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SPINY OYSTER SHELL
Most Spiny Oyster Shell used in the jewelry comes from the Baja California area of Mexico. The three predominant colors found in this region are bright orange, light to deep red, and purple. Some of the purple shells have some yellow in them, but this color is pretty rare. The Incans almost worshipped this shell and you will see it in their jewelry they made hundreds of years ago. Orange Spiny Oyster Shell is found in the Phillipines also, but since it is such a small shell with a very thin layer of color, these shells are limited as to what they can be used for. You never see beads made from this shell because of the thin layer of color, but it can be used for cutting smaller cabochons and also for inlay work.
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Gaspeite is a green stone that ranges in color from an olive green to a bright apple green. It got it’s name from the Gaspe Peninsula in Quebec, Canada where it was first discovered, but it was a very small amount. All of the Gaspeite being used in jewelry today is from a nickel mine in southern Australia. One group of traders brought over tons of the stone in the mid 1990’s, but that was a one shot deal. None has been brought over since then for reasons unknown to me, but this has made it mostly unavailable these days and if you can find it, the price is going to be almost prohibitive. The only reason we have any of this stone is because we bought several hundred kilos years back and have been having it cut overseas as we need it.
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Variscite is a green stone that varies in color from a pale green to an almost emerald green. Variscite has more of a lime green tint to it as opposed to Gaspeite which has a green apple color to it. It comes from several areas in the world, but the most highly desired stone is the dark green Variscite from Utah and the stone from Nevada that has veins of black running through it. It is still being mined and is available on the open market, but the highly desired colors are tending to get a little pricey.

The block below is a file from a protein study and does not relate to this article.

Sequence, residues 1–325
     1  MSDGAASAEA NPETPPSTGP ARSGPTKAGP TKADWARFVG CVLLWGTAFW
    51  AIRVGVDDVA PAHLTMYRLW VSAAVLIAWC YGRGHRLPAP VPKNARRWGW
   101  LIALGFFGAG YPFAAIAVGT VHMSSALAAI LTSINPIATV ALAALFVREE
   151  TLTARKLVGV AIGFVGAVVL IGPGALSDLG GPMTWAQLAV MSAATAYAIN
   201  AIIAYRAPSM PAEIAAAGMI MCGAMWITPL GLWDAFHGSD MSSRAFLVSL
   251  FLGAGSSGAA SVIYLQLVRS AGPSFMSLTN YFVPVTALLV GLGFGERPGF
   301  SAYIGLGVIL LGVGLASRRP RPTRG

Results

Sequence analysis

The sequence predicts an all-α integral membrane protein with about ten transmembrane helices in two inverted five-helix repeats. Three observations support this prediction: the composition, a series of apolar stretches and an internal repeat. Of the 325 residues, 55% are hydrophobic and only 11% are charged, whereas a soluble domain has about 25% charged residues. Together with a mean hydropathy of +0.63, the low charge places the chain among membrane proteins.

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Chalcedony (pronounced Calsidney) is a translucent stone that actually belongs to the Quartz family of minerals. This stone can range in color from a soft grayish blue to light gray or even white. Much of this stone comes from Nevada, California, and Oregon while a small amounts originate in Namibia, Sri Lanka, and Zimbabwe. There are a lot more beads made from this material due to the fact that the very clean Chalcedony, which is desirable for cabochons, is a lot more scarce.
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Charoite is a purple stone found only in Siberia. This stone ranges in color from violet to an light purple with a hint of gray. Charoite is pretty new to the market and although there are very limited quantities, it is still pretty reasonably priced.
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Denim Lapis is a lower grade of Lapis. It is not deep blue but rather more of the color of Levis which is where it got it’s name. It can range from the color of brand new Levis to the color of faded out Levis. It became popular in the 1980’s with jewelry makers in the Southwest and to this day is somewhat popular. The pale blue stone is not as readily available as regular Lapis, especially the good clean quality Denim Lapis. A lot of the Denim has little white specks running through it which makes it not very attractive. It has always been one of the cheaper stones on the market because of the limited number of people who use it.